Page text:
Hear Hardeep's own experience about how RNIB's education, care and therapies have helped his son who attended RNIB Sunshine House in North London and is now living and learning at RNIB Pears Centre in Coventry.

Ginny Tyler, Head of Children's Health and Care Services at RNIB, also features in the film talking about the individually-tailored support we offer.

A place where every voice is heard and celebrated

Primary School

St John’s Catholic School for the Deaf is a school where spoken language is used across every department and where every young person communicates equally and successfully with others. St John’s is a specialist school for sensory and communication needs where skilled staff help students to develop a love of learning, and to achieve their best.

The school provides an optimum listening environment through small teaching groups and sound fieldtechnology in acoustically treated classrooms.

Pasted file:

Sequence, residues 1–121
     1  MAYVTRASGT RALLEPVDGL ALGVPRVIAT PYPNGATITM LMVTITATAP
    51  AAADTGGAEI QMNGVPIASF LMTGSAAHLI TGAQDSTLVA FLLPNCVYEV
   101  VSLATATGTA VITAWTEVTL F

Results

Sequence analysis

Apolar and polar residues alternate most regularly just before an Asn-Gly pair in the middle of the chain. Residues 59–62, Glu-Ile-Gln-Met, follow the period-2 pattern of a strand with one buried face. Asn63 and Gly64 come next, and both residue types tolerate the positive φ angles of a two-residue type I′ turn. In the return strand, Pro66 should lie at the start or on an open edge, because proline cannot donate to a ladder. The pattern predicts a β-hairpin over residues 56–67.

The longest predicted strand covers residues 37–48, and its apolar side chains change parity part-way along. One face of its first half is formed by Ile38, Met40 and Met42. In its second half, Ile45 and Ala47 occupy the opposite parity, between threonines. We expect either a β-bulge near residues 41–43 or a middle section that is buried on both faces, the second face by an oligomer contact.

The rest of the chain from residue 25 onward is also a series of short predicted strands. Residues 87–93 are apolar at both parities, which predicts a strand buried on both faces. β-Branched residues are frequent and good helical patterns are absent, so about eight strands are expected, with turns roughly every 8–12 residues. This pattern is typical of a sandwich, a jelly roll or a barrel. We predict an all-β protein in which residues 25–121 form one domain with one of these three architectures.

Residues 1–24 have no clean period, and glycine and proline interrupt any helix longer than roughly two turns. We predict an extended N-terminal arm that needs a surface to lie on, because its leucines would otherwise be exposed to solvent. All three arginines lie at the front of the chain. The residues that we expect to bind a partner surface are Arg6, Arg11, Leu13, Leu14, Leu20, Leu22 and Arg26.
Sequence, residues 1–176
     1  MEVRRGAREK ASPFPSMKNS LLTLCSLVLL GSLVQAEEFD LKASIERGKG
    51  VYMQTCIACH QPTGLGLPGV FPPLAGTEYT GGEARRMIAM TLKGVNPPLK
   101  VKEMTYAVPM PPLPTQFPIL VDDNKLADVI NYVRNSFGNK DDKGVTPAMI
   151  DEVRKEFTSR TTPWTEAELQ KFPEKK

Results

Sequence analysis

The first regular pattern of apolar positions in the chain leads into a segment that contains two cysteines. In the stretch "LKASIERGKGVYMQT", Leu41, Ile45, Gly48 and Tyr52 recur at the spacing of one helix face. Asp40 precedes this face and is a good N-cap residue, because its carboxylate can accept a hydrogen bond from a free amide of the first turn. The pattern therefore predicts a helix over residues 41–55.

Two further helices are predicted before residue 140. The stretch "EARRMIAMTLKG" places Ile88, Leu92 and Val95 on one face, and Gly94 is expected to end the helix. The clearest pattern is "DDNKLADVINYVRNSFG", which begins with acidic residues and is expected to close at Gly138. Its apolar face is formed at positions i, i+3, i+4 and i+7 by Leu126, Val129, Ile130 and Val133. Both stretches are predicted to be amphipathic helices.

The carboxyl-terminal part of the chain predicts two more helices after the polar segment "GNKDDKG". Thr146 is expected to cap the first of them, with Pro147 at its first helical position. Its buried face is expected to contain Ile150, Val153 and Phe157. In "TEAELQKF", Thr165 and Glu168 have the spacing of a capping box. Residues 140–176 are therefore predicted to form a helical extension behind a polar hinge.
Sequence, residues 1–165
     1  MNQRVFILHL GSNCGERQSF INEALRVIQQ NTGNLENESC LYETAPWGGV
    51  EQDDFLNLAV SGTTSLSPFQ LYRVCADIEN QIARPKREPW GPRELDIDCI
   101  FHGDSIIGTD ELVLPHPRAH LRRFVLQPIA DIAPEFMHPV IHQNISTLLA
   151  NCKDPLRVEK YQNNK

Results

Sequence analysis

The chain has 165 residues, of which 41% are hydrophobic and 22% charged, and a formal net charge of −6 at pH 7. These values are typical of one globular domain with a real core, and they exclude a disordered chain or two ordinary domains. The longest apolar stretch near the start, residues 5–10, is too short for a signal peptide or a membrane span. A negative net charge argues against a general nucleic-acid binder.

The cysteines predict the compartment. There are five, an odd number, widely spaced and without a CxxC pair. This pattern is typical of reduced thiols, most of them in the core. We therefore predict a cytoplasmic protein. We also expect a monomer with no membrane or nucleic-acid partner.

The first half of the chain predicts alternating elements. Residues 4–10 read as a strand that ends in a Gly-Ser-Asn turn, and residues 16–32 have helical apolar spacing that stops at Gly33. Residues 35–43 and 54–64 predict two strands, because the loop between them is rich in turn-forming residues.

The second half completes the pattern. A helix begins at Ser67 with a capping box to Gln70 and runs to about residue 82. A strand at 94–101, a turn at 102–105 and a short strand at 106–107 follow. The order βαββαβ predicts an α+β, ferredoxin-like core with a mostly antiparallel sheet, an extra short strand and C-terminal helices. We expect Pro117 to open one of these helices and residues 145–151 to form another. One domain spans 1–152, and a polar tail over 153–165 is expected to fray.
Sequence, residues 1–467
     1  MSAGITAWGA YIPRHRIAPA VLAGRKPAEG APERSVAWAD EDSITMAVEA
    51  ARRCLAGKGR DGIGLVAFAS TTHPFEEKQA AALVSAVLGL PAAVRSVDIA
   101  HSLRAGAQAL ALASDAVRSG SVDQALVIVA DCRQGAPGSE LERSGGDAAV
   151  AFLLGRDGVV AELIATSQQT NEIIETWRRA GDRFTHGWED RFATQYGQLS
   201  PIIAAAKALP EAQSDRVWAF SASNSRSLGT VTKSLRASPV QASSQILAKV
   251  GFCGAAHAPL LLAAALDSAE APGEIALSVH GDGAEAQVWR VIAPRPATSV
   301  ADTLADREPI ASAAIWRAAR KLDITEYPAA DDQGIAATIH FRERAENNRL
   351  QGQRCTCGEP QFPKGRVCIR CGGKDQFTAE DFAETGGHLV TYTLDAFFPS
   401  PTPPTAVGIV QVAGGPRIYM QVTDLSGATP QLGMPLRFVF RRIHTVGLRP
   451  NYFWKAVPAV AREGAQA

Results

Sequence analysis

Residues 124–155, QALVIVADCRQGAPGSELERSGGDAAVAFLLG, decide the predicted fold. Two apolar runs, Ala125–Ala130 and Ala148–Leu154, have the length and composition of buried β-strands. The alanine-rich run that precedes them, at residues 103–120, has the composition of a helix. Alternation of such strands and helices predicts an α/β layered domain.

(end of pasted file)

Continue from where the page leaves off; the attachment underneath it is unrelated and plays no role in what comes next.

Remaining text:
Barriers to learning are removed by specialist teaching staff who are qualified teachers of hearing and multi-sensory impairment as well as specialist speech and language therapists who provide 1:1 sessions and group therapy.

Primary Department

Astley Village autism specific school rated 'outstanding' across the board

Oliver house school

A school in Astley Village, Lancashire, for young people with autism, has been rated ‘outstanding’ by the education regulator, Ofsted.

In its report, following an inspection last month, Ofsted praised Oliver House School for: enabling pupils to “make outstanding progress”; “promoting personal, social and cultural development extremely well”; having “extremely strong” links with parents;and having a “passionate” school principal in post.

The school was rated “Outstanding” overall and for all areas inspected, including in “effectiveness of leadership and management”, “quality of teaching, learning and assessment” and its “sixth form provision”.

Local school scoops £1,000 with futuristic creation

Local_school

Whist it may appear that ‘Pokemon Go’ is taking over the world, youngsters at Castle School have created their very own futuristic friends that are set to challenge the latest craze.

Recently, local business Mick George Ltd in its drive to educate children on recycling, set youngsters in schools throughout its operating areas of Peterborough, Cambridge, Northampton and Boston the task of producing a ‘Recycle.Bot’ out of recyclable materials. They were asked to provide a name for their Robot and also details of any superpowers it posses to help the environment.